Shawn
    >>

    The Pell Grant stat is interesting. The long held assumption being that socioeconomic status = predictor of academic success. Of course in a homeschool, you generally have 1 parent working less or not at all. So, typically, the family income is significantly lower. *but I think that the earning potential is not, so perhaps the "real" indicator of academic failure/success isn't income/socioeconomic status, but something else. In addition, a good chunk of homeschooled families are larger than 2 children thus greater financial need.
    Jennifer
    MS Applied Nutrition, Canisius College
    AA & BA Social Science, Thomas Edison State College
    AOS Culinary Arts, Culinary Institute of America

  4. #4
    mattbrent is offline Registered User
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    I can't say I'm really surprised. However, remember than numerical data doesn't tell the whole story. Yes, they do better, but why? I'd wager that it has to do with their parents. I think it's safe to assume that a homeschooler has parents that are truly taking an interest in the child's education . Unfortunately, that's not always the case with public school students. Many of them aren't even raised by their parents.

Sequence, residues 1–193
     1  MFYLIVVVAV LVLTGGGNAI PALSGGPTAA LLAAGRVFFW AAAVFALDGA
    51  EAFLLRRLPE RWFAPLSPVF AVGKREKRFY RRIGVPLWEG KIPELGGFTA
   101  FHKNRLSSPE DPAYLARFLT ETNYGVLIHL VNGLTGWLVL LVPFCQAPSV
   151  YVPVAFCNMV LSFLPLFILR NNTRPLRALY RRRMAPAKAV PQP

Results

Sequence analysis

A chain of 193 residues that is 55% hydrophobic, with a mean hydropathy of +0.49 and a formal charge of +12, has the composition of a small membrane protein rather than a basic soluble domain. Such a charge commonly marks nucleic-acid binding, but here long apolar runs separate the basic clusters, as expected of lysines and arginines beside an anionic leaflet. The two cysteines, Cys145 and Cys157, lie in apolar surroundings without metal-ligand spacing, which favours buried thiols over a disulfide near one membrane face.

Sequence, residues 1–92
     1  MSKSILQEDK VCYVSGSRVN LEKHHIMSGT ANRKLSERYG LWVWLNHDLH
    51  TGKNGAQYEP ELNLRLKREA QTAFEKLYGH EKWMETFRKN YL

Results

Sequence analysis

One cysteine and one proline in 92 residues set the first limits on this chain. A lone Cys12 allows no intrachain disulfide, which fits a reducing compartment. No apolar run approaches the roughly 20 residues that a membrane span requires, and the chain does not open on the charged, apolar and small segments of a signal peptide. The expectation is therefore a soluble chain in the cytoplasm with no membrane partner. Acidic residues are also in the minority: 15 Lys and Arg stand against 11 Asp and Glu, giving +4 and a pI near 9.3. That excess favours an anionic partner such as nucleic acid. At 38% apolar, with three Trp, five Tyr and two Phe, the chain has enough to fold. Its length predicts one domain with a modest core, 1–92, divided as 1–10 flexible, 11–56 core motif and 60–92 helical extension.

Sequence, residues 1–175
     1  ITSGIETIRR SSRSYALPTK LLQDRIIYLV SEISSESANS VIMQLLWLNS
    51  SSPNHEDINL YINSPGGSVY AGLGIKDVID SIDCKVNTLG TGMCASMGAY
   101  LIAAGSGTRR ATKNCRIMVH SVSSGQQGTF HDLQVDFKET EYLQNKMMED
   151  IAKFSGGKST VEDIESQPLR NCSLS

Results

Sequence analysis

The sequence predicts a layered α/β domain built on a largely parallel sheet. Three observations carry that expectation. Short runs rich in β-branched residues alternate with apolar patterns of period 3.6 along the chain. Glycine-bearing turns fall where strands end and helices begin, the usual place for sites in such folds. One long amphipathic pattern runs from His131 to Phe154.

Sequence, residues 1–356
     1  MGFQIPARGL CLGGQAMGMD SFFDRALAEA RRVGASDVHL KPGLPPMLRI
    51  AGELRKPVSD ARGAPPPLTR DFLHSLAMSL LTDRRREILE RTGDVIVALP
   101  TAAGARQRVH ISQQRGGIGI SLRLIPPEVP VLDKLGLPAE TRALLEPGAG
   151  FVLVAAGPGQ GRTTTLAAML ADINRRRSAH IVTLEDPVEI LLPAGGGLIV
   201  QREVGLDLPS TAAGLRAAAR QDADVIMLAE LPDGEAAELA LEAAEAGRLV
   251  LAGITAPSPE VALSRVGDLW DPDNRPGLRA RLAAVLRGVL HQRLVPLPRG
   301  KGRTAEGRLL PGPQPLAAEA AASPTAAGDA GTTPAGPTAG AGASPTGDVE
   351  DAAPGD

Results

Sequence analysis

What I'd be interested in is the stats on students who enter college. At a recent faculty meeting, our guidance department gave a bunch of stats on how many of our grads went on to higher ed, joined the military, workforce, etc. We have a rather large "go to higher ed" percentage, but my question is, how many of them actually finish? Apparently people don't keep records of that.

    When I finished high school, I had a ton of friends who went on to college, and many of them never made it to second semester. Any idea how common it is for students to matriculate only to later drop out?

    -Matt
    BA in History - Christopher Newport University, May 2004
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  5. #5
    AV8R is offline Registered User